I spent the day based on trying to work Mozambique as there is a DXpedition there. Most of the driving force there seems to be a young lady from Wales that is a GREAT operator.
I once worked her when she was at her home station in Wales. She was pretty funny that time.
I worked her briefly and when we had exchanged call signs and signal reports she said that she had two other friends that wanted to work me and passed me off to one of them. I worked him and he passed me on. Three DX QSOs in just about a minute. Pretty good.
It was exhilarating until I later thought about it. Then my face burned with shame and humiliation as I realized I had just let a brazen woman pass me around to be used like a tissue but I digress...
Anyway, I guess she went to Mozambique on a DXpedition.
I missed most of it because I was at sea but tried to work her during the last three days of it with a remarkable lack of success.
Last night she taught me the difference between a good operator and a GREAT operator.
I had her on a VERY weak 2x2 and was trying to work her during the ups and downs of a really lousy signal.
I would try and work her when I could make out what she was saying and stay silent during the time she turned to gibberish or I'd lose her.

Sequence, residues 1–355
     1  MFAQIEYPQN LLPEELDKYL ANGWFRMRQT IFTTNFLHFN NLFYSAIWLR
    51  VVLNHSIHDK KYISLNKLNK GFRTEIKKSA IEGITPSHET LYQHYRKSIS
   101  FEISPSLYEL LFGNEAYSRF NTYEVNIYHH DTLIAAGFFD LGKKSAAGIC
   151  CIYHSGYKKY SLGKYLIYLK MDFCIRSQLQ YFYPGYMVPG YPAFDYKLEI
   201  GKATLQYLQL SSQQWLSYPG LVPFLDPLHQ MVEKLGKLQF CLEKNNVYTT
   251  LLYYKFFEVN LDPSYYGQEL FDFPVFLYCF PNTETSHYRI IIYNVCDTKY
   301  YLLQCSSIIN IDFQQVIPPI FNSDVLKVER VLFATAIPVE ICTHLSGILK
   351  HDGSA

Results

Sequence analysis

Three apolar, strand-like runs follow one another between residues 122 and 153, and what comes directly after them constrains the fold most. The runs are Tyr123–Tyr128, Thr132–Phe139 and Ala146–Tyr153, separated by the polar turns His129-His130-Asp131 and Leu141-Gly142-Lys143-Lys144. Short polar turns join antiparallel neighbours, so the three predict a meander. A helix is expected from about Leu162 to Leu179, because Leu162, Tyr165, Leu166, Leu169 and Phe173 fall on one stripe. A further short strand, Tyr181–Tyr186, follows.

I tried several times and she proved she wasn't a 'cherry picker'.
She must have pretty damned good ears because she threw back my prefix and tried several times to get my suffix. She didn't quit until after several tries and finally gave up because it wasn't fair to the others.
People like that are great operators because they try and work the weak and QRP stations and give them a shot at a new entity. I have to respect that.
While I didn't make it into her logbook I think I was given the privilege of getting to see a truly great operator in action.
On the other hand there are days I can't lose for winning.
I didn't sit at my rig all day trying to QSO with her. When propagation was down I ran errands, fixed things or tried to work other people on other bands.
During a lull between chasing her I inadvertently wandered into what was another pileup. I guess it was during a lull or something because I sent out my call in code and promptly got it thrown back at me with a 5NN signal report. I was a bit stunned and sent him back a 5NN and listened as he worked several other stations.
It took me several tries but I finally figured out his call and looked it up. When I figured out his call I penciled it into my log. I emailed him later that evening and found out I'm in his log and I now have Burkina Faso in my log.
I've sent for a card already.
Incidentally I think the guy in Burkina Faso is probably is wondering who I am. I'm going to have to stop practicing CW on the air or at least stop sending out that I am a Japanese corporal in New Guinea that doesn't know the war is over.
One of these days someone's going to report me to the Japanese Self-Defense Forces and they'll mount a rescue operation of some sort.
On the other hand, maybe I should keep it up. After all Geraldo Rivera hasn't had anything to do for a while and maybe FOX will send him to cover the wild goose chase rescue operation. There is nothing so satisfying as seeing Geraldo Rivera with egg on his face.
To find out why the blog is pink just cut and paste this:
http://piccoloshash.blogspot.com/2009/12/my-feminine-side-blog-stays-pink.html NO ANIMALS WERE HARMED IN THE WRITING OF TODAY'S ESSAY